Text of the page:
Corsair Xeneon 32UHD144 32-inch 4K 144 Hz Gaming Monitor Review: Premium Excellence

A 32-inch 4K IPS gaming monitor with 144 Hz, Adaptive-Sync, HDR600 and extended color.

Corsair Xeneon 32UHD144
Editor's Choice
(Image: © Corsair)

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Our HDR benchmarking uses Portrait Displays’ Calman software. To learn about our HDR testing, see our breakdown of how we test PC monitors.

The 32UHD144 is a very capable HDR monitor with a zone dimming edge backlight. It has 16 dimming zones, which enhance contrast significantly. An HDR10 signal switches modes automatically. 

HDR Brightness and Contrast

The 32UHD144 is rated for 600 nits in HDR mode, and my sample beat that handily with nearly 700 nits of total output measured using a full-field white pattern. That’s seriously bright. In practice, you’ll only see this level in small highlight areas. Thanks to the effective zone dimming feature, black levels are relatively low, and contrast is above average at 10,875.2:1. The Mini LED ViewSonic achieves high values thanks to its incredibly bright backlight and super low black levels. But that level of performance will cost you about double the price of the Corsair and the other screens.

Grayscale, EOTF and Color

I was surprised to see a lack of image control in HDR mode. There is only a single picture mode and no means of changing color. But obviously, that isn’t a problem given the results shown above. The 32UHD144 is one of the most color-accurate HDR monitors I’ve tested. Grayscale tracking is visually perfect. The only flaw is some lightness at the lowest level. This is likely due to the speed in which the zone dimming backlight reacts to changes in picture levels. In practice, the HDR image is very deep with true blacks and very bright highlights.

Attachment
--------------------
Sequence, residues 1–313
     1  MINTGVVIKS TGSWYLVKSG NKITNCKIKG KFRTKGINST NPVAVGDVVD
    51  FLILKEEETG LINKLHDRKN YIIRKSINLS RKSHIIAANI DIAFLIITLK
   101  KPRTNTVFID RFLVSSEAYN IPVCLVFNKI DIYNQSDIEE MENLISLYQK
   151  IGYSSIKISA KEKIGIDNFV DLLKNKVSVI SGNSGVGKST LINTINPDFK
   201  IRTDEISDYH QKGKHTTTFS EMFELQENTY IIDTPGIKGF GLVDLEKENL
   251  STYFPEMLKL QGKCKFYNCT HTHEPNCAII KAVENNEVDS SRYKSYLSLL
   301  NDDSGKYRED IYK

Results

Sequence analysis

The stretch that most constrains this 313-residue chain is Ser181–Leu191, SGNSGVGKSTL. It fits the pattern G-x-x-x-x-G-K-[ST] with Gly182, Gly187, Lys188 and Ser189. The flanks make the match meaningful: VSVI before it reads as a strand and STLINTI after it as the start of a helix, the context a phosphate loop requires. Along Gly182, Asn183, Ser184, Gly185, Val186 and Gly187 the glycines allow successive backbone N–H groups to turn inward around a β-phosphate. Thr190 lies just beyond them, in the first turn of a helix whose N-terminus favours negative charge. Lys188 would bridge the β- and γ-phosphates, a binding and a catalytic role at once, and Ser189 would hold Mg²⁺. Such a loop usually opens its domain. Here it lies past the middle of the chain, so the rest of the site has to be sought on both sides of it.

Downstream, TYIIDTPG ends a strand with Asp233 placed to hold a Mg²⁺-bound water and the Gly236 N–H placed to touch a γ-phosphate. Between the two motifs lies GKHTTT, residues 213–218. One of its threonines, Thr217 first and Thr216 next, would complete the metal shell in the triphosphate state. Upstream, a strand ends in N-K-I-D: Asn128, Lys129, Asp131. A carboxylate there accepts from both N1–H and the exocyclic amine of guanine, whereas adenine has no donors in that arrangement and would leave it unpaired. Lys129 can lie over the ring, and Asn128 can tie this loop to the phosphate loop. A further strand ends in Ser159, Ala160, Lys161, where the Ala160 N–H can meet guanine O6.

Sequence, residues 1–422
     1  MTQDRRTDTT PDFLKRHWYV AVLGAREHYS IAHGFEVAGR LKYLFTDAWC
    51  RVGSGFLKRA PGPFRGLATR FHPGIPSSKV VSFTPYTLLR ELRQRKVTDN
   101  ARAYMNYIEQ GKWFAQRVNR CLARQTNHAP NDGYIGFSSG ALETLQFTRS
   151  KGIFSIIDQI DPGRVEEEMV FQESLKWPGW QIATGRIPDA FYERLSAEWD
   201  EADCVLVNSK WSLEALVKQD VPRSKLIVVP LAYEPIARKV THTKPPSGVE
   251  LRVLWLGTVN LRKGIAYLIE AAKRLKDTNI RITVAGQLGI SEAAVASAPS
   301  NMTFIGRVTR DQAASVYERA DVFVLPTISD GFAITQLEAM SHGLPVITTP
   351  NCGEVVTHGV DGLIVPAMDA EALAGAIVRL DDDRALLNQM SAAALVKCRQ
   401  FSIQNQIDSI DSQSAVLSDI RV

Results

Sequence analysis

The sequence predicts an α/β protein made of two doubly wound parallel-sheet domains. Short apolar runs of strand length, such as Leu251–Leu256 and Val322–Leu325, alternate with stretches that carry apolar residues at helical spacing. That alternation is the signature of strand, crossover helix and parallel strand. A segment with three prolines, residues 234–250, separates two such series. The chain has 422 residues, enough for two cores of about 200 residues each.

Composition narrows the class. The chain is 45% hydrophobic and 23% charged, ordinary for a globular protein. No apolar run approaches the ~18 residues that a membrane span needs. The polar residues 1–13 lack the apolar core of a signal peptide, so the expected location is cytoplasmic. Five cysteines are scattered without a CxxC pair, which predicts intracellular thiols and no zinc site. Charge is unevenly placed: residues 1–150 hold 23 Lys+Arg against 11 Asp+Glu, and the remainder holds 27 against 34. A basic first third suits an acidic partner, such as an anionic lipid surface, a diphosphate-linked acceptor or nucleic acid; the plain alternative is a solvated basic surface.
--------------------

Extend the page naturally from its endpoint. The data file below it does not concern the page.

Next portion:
In the color test, the 32UHD144 is clearly using the Rec.2020 reference for all content, even when mastered to DCI-P3. You can see in the DCI chart how green tracks toward the Rec.2020 points, which means it’s a tad bluer. This will be hard to spot in actual content, but a firmware update might be in order to ensure that color tracks correctly for the content’s reference gamut. Saturation points are linear in progression with slight over-saturation overall, not a bad thing.

Christian Eberle
Contributing Editor

Christian Eberle is a Contributing Editor for Tom's Hardware US. He's a veteran reviewer of A/V equipment, specializing in monitors. Christian began his obsession with tech when he built his first PC in 1991, a 286 running DOS 3.0 at a blazing 12MHz. In 2006, he undertook training from the Imaging Science Foundation in video calibration and testing and thus started a passion for precise imaging that persists to this day. He is also a professional musician with a degree from the New England Conservatory as a classical bassoonist which he used to good effect as a performer with the West Point Army Band from 1987 to 2013. He enjoys watching movies and listening to high-end audio in his custom-built home theater and can be seen riding trails near his home on a race-ready ICE VTX recumbent trike. Christian enjoys the endless summer in Florida where he lives with his wife and Chihuahua and plays with orchestras around the state.